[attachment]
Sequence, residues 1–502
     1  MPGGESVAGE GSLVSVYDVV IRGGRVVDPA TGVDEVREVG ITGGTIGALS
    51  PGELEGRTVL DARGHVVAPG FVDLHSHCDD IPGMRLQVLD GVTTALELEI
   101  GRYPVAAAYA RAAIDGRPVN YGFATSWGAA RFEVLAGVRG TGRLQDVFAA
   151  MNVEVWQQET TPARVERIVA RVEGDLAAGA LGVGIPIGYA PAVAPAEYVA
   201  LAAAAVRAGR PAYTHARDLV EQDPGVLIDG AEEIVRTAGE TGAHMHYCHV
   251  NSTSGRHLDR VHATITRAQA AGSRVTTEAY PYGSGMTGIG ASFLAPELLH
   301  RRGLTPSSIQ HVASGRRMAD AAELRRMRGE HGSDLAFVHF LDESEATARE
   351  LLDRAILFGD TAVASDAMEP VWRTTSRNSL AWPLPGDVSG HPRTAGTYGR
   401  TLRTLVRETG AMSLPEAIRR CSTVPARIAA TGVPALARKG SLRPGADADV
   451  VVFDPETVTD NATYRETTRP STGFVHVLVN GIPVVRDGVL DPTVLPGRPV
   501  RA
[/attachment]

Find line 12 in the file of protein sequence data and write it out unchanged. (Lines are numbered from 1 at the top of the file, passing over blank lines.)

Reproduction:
   501  RA